X has the Cumulative distribution function:
0 for x<0
x/4 for 0≤x≤1
3x/4  1/2 for 1<x≤2
1 for x>2
But how do I know which one to choose in order to get the medianF(m)=0.5?
Apparently it's the '3x/4  1/2 for 1<x≤2' one.

zomgleh
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 22032013 15:05

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 22032013 15:42
(Original post by zomgleh)
X has the Cumulative distribution function:
0 for x<0
x/4 for 0≤x≤1
3x/4  1/2 for 1<x≤2
1 for x>2
But how do I know which one to choose in order to get the medianF(m)=0.5?
Apparently it's the '3x/4  1/2 for 1<x≤2' one.
If F(1) is < 0.5 then you know it's in the second interval.
If it's > 0.5 it would be in the first interval. 
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 22032013 16:46
Cheers.
Got another one:
if the CDF is the following:
F(x) = 0 when x<0
1(2/3)e^(0.5x) when 0≤x≤2
1 when x>/= 2
Then this represents a mixed distribution both discrete and continuous, so if we were to calculate P(X=2), the answer reads 2/3 e^1 which probably means the 2nd interval is being used with 1F(2). I was wondering why this is the case? Shouldn't the P(X=2) be F(2)F(0)? 
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 22032013 17:10
(Original post by zomgleh)
Cheers.
Got another one:
if the CDF is the following:
F(x) = 0 when x<0
1(2/3)e^(0.5x) when 0≤x≤2
1 when x>/= 2
Then this represents a mixed distribution both discrete and continuous, so if we were to calculate P(X=2), the answer reads 2/3 e^1 which probably means the 2nd interval is being used with 1F(2). I was wondering why this is the case? Shouldn't the P(X=2) be F(2)F(0)?It's not a mixed distribution, it's continuous.
x is defined on the interval [0,2], anything less than 0 will have F(x)=0, and anything greater than 2 will have F(x)=1.
P(X=2) = 0
You're looking at a cdf, not a pdf.Last edited by ghostwalker; 22032013 at 17:54. 
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 22032013 17:39
(Original post by ghostwalker)
It's not a mixed distribution, it's continuous.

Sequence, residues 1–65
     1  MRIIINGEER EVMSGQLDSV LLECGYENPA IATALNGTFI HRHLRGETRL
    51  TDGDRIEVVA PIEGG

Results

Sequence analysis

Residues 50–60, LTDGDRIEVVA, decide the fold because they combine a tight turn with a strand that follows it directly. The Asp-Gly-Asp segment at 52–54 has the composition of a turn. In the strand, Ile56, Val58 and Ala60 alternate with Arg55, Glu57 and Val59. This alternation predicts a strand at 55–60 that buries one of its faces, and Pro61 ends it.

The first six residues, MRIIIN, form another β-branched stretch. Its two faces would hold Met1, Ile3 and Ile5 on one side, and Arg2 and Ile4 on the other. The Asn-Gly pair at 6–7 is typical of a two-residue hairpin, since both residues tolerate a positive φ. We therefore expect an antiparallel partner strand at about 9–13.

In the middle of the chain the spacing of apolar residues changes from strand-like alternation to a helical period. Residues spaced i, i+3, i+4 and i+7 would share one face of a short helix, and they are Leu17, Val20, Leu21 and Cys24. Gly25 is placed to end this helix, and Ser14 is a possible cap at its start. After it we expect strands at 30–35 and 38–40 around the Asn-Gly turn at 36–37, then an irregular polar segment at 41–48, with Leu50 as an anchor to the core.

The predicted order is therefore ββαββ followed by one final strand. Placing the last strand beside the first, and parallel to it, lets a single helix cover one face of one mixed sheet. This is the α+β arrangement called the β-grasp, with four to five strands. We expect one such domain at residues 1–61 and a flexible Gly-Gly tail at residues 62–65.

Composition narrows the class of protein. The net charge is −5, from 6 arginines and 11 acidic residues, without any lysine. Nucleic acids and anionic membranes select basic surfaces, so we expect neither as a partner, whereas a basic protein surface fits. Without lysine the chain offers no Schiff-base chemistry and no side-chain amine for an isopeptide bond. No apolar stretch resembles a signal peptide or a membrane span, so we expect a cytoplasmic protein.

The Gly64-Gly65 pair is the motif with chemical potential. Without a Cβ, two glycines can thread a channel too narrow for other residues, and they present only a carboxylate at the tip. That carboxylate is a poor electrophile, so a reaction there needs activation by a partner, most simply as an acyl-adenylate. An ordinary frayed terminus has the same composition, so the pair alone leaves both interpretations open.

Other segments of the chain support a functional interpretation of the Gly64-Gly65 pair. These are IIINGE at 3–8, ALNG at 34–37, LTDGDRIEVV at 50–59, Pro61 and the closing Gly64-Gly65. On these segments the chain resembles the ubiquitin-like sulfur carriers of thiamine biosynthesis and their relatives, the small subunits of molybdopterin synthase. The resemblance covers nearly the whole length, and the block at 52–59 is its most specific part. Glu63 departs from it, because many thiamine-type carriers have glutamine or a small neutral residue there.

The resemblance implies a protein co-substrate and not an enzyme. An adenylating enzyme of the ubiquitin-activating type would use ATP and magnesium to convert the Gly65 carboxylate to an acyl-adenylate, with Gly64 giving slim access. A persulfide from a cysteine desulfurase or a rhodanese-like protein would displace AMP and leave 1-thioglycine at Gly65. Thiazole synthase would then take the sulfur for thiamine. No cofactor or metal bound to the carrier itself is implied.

x is defined on the interval [0,2], anything less than 0 will have F(x)=0, and anything greater than 2 will have F(x)=1.
P(X=2) = 0
You're looking at a cdf, not a pdf.
^ where I replaced W with X 
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 22032013 17:52
(Original post by zomgleh)
It says on the lecture slides that it's a mixed distribution though?
^ where I replaced W with X
I'll have another look.Last edited by ghostwalker; 22032013 at 17:54. 
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 22032013 18:01
(Original post by zomgleh)
...
I.e. as d goes to zero. 
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 22032013 18:54
(Original post by ghostwalker)
My apologies. I assumed just glancing at the cdf, that it was continuous at x=0 and x=2.
I'll have another look..
Also, not sure what you mean when you use these limits:
I.e. as d goes to zero
could you please show me how the 2/3 e^1 is obtained? 
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 22032013 19:46
(Original post by zomgleh)
No problem. I'm actually a bit unclear about how to recognize whether it is continuous or discrete just looking at the CDF is the only way to know this through actually sketching it? since then we can identify step functions from smooth ones?
Also, not sure what you mean when you use these limits:
I.e. as d goes to zero
could you please show me how the 2/3 e^1 is obtained?
So, we have 1  (1(2/3)e^(1)) = 2/3 e^1
PS: This is the first time I've seen a question on here about a mixed distribution.Last edited by ghostwalker; 22032013 at 19:47. 
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 22032013 20:55
(Original post by ghostwalker)
For the F(2d), I'm looking at F(x) as x goes to 2, and since the mid portion of the definition is continuous, this is actually 1(2/3)e^(0.5x) evaluated at x=2